BV: When people come, do they hop from one to the other, or just stay on the one they’ve researched as a fit?
NICHOLSON-DOTY: I think that just because St. Croix is 40 miles south of St. Thomas, if people go to St. Croix they generally stay there. They tend to have a longer vacation in the number of days that they vacation. Almost all of the visitors that come to St. Thomas will go to St. John for a day trip, and since St. John has no airport you have to come through St. Thomas to go to St. John. I think that generally the people that come to St. Thomas or St. John will see both islands. We are encouraging more people to do the island hop. We think it’s very important. But we also have to be truthful. We are very close to the British Virgin Islands, and if someone has a passport they generally will take a day trip to the British Virgin Islands as well, if they’re on St. Thomas or St. John.
BV: What’s your favorite island?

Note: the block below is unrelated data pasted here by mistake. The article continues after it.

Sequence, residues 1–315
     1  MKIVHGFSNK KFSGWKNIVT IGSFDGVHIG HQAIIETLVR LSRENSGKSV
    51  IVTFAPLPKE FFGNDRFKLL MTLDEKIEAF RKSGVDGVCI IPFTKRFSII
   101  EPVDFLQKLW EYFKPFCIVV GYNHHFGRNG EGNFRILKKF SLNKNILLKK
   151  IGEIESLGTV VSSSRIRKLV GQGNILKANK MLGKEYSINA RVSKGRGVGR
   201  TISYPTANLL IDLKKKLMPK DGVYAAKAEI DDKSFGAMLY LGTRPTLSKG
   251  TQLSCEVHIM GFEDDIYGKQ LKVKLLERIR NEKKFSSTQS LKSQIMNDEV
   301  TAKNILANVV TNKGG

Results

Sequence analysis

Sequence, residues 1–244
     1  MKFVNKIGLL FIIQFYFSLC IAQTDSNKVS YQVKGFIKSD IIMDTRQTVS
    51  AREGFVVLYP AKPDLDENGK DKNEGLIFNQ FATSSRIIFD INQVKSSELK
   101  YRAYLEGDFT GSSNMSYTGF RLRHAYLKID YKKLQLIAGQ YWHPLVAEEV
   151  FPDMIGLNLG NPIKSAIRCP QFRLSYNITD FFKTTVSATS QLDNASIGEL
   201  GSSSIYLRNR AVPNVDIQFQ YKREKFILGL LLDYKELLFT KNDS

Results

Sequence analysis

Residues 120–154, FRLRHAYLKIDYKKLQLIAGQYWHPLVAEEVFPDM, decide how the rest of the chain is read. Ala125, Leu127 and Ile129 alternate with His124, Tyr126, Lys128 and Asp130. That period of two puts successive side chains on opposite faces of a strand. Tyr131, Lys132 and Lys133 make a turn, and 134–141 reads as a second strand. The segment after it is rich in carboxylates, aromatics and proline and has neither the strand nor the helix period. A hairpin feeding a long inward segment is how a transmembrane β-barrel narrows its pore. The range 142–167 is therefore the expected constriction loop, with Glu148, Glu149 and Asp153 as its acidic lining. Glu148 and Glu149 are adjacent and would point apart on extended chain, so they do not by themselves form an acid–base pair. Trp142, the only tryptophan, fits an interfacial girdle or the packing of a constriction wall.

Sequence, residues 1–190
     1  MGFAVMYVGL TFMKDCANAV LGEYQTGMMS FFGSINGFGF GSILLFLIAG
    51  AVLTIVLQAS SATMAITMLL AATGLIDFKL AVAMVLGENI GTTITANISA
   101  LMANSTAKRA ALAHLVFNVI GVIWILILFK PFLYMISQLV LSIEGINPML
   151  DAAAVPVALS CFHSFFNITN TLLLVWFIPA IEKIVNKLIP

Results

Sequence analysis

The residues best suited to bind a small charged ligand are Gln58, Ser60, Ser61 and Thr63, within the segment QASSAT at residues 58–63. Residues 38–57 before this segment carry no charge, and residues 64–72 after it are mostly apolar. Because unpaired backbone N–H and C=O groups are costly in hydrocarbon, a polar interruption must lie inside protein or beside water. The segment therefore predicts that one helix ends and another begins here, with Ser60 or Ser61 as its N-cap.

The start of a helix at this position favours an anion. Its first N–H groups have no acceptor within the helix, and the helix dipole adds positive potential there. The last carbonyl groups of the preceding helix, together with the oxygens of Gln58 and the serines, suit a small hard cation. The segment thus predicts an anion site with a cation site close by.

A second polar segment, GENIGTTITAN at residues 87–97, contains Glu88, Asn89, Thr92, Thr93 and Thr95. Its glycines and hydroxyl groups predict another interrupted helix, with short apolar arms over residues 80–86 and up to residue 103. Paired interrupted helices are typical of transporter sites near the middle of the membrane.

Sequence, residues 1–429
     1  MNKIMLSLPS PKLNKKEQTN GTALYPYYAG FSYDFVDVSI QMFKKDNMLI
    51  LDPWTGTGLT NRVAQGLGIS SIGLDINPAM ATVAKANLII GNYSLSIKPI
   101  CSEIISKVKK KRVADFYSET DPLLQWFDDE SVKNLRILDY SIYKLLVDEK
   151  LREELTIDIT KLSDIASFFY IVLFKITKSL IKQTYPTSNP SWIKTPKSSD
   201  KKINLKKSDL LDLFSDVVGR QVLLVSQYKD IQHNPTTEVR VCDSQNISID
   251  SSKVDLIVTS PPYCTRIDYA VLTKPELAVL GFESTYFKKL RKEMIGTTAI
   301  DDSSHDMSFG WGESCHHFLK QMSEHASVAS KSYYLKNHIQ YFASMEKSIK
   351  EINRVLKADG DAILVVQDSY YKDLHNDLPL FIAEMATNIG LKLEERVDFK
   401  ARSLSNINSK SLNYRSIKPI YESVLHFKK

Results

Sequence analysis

NICHOLSON-DOTY: All of them. My parents are from St. Croix. I’ve grown up on St. Thomas. I think St. John is absolutely from childhood a place to get away to. It was always a treat for us as children to get to go to St. John. To have the experience of being able to have grown up experiencing all three, I have different things that I like to do on each island. I definitely would say that I love sailing over to St. John. I think it’s probably one of the most relaxing ways that one can spend a day, sailing. When I want to have an authentic experience and experience our island culture, I certainly would spend a day in St. Croix and I would encourage people to come in February and experience our Agriculture Fair. It’s unlike any other. My husband is from Missouri, so I had a little idea of what a state fair is, and I will tell you that even though there are some similarities, there are certainly some very unique aspects of our fair that would give one a total authentic experience of having known that they were in a Caribbean destination.